Can food processors switch to non-electric or non-gas processing?

The third-largest energy user in California is food processing. Over 1.6 million metric tons of greenhouse gases are emitted every year by the various plants that process tobacco, food, and beverages, according to the California Environmental Protection Agency’s Air Resources Board. California happens to be a top agricultural state in the country. And the US Department of Agriculture wants to find a way so that processors will use very little or no natural gas or electricity in processing food.

Harnessing The Sun 24/7
In January of this year, the USDA engaged the services of Fatima Alleyne, a 35-year old UC Berkeley’s Department of Materials Science and Engineering’s post-doctorate researcher. She needs to find a way to harness the sun and make it work 24/7 and find material that will not change the product’s texture or flavor while keeping it cost-effective. Alleyne, is being counted on for her background to find the best materials for the task.

Making Food Production And Agriculture Sustainable
While the USDA is known more to be a regulatory agency of the government, it has a team of 30 scientists whose tasks are focused on making food production and agriculture as sustainable as possible. The scientists’ group called the Processed Foods Research Unit is just one of the few groups which the USDA has deployed around the country. It makes sense that one such research unit is deployed in California, considering that the agriculture business makes the state coffers richer by $45 billion with 400 commodities produced in California and half of the agricultural produce – fruits, vegetables, and nuts, grown in the country.

The Research Unit’s Tasks
The research unit has to come up with ways that will help improve the foods:

  • Look
  • Feel
  • Function
  • Nutritional value
  • How to preserve flavor during processing
  • Keeping the processing costs low

Tall USDA Orders For Americans
The USDA’s orders are clear: Americans need to eat more agri-products – fruits and vegetables, to make people healthy and to combat obesity which is a growing concern of the nation, and help the farmers sell their produce, to boost American agriculture.

Final Stage Of Four-Years Research
How does the research team plan to deliver those orders?

The USDA is ready for the final stage of the team’s 4 years of research. They are ready to build a machine that has the ability to store solar thermal power so that food processors can use it 24/7, especially during peak harvest times. Alleyne has to make the storage vessel for energy as well as the liquid source safe for food, from the best food-grade materials.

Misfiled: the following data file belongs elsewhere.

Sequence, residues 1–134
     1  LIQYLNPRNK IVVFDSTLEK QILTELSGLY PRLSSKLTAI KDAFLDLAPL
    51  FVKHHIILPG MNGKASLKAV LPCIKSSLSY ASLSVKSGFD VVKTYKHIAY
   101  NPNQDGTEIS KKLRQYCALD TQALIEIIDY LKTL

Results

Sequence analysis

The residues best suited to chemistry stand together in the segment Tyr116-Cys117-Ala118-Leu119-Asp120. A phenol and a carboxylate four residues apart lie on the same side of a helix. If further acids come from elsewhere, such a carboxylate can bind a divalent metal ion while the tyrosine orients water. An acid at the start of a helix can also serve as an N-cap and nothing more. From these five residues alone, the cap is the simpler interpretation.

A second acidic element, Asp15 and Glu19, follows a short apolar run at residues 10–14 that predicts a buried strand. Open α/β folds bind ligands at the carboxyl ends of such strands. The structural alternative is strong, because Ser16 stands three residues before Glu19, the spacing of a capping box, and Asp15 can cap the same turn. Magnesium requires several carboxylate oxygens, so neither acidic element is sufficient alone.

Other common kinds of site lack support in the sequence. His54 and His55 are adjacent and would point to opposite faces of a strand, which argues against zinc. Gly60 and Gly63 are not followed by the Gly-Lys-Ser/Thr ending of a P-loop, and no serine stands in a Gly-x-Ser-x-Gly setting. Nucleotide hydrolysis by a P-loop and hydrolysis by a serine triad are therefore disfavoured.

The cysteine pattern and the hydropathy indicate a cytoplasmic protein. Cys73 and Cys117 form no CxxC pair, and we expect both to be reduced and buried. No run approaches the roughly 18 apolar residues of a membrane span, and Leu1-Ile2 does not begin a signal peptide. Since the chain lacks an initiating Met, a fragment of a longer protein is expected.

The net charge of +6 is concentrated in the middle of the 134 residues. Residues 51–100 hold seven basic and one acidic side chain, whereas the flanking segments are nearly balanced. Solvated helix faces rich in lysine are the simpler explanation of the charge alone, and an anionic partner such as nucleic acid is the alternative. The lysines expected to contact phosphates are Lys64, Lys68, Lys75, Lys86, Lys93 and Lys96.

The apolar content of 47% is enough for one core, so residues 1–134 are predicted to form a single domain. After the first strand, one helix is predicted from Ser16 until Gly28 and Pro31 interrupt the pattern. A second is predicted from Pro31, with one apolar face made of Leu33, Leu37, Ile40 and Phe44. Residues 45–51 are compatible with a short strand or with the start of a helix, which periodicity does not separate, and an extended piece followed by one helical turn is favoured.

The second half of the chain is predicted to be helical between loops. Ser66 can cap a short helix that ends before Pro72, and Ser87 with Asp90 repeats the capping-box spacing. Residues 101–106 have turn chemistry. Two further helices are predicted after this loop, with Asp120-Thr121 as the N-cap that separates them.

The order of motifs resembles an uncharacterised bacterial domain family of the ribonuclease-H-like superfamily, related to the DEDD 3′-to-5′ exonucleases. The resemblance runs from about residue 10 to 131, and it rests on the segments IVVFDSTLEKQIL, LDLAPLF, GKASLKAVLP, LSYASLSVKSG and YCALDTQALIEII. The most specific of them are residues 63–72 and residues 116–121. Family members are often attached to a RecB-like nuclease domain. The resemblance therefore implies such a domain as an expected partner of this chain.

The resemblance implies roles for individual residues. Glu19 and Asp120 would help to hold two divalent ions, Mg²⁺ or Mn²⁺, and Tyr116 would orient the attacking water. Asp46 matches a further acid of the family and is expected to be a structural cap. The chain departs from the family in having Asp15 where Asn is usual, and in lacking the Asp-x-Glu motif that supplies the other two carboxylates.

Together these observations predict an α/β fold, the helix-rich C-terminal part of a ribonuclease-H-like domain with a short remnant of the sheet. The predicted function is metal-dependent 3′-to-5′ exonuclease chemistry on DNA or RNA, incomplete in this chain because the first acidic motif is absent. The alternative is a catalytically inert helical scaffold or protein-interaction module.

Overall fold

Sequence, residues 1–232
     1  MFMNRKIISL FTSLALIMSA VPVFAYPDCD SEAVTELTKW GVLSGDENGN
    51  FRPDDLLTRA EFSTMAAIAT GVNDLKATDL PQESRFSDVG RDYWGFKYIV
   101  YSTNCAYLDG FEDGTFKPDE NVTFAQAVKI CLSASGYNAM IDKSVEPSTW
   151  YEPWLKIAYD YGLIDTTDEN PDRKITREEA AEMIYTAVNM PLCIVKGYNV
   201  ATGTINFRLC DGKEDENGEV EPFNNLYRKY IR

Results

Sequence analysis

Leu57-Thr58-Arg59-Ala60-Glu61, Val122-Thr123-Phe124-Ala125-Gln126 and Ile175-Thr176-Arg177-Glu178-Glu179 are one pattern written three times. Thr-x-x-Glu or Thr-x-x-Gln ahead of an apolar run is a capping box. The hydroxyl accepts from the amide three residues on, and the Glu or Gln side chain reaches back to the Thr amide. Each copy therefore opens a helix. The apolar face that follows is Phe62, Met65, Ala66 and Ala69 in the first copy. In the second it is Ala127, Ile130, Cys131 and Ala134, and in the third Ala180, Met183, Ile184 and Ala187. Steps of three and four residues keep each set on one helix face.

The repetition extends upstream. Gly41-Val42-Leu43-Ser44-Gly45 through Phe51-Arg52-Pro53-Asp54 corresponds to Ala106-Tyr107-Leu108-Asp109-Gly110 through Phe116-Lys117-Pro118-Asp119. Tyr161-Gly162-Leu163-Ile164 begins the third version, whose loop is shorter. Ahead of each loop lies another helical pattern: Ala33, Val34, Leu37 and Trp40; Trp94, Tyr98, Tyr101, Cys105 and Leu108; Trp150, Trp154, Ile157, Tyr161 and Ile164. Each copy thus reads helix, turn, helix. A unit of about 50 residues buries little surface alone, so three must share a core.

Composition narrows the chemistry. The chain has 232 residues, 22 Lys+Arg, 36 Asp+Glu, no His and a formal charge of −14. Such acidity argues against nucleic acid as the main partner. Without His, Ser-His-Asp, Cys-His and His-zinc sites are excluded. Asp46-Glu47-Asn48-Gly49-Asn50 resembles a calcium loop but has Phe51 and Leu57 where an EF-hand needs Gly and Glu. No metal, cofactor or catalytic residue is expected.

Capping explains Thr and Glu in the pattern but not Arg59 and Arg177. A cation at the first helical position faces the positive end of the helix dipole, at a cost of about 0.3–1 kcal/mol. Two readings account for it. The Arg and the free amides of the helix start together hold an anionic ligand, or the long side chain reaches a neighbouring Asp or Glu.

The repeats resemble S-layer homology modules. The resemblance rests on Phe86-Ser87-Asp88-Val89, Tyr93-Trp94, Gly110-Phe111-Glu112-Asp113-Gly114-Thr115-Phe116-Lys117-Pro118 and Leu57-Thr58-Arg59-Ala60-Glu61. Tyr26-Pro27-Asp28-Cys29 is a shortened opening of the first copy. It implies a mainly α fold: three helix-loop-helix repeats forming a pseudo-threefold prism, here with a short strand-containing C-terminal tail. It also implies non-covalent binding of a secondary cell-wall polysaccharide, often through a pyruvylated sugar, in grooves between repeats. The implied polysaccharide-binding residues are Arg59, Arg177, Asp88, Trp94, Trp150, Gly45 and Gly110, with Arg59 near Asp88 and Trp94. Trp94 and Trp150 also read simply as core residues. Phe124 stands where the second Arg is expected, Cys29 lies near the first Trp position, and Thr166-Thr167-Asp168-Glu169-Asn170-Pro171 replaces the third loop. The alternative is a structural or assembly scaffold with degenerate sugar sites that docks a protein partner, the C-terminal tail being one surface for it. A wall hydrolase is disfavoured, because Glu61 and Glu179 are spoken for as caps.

Solar Thermal Technology
Solar thermal energy is made when water, oil, air, helium, nitrogen, or salts are heated with concentrated light. Unlike photovoltaic solar which is only effective during daylight hours and storage of which is not that efficient, solar thermal energy can be stored easily. This technology has been used since the mid-70s.

The world’s largest solar thermal plant is found in the Mojave Desert which is expected to supply enough carbon-free energy to 140,000 homes soon. Long before the advent of industrial microwave equipment, solar thermal had already been used in Costa Rica to dry coffee beans or to fuel stoves to cook meals in India or make steam that would power the food processor’s manufacturing equipment in Modesto. Frito-Lay for example has used it for heating its frying oil.

Optimistic USDA
The USDA research team believes that they will succeed in producing solar thermal power that works even during nighttime, reduce the carbon footprint and power bills from food processors, and ultimately lower the cost of food.

Will the research team be able to build the dryer that will solve the food processor’s wasteful use of energy?

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3 thoughts on “Processing Food Without Using Electricity Or Natural Gas”

  1. I recently learned that food processing is the third largest energy user in California, the top agricultural state in the nation. What was even more startling to me is the fact that plants that process food, beverages, and tobacco emit more than 1.6 million metric tons of greenhouse gases a year. The U.S. Department of Agriculture doesn’t particularly like that. In fact, in a perfect world, the government would like to see processors use little to no electricity and natural gasjust resources from Mother Nature.

  2. The world’s agricultural system faces a great balancing act. To meet different human needs, by 2050 it must simultaneously produce far more food for a population expected to reach about 9.6 billion, provide economic opportunities for the hundreds of millions of rural poor who depend on agriculture for their livelihoods, and reduce environmental impacts, including ecosystem degradation and high greenhouse gas emissions. I know I sound like a green tree huger, but the movie, “Interstellar is looking more like a prophecy.

  3. Until I started reading about these latest developments, I was thinking that things don’t look as good for CSP. Large, central CSP power plants take years to permit and connect to the grid. They work best in areas with low cloud cover, mostly deserts. The least expensive CSP plants also require water for cooling. The loss of the US Department of Energy loan guarantees last year dealt a harsh blow to the industry. So it’s refreshing to learn things are looking up.

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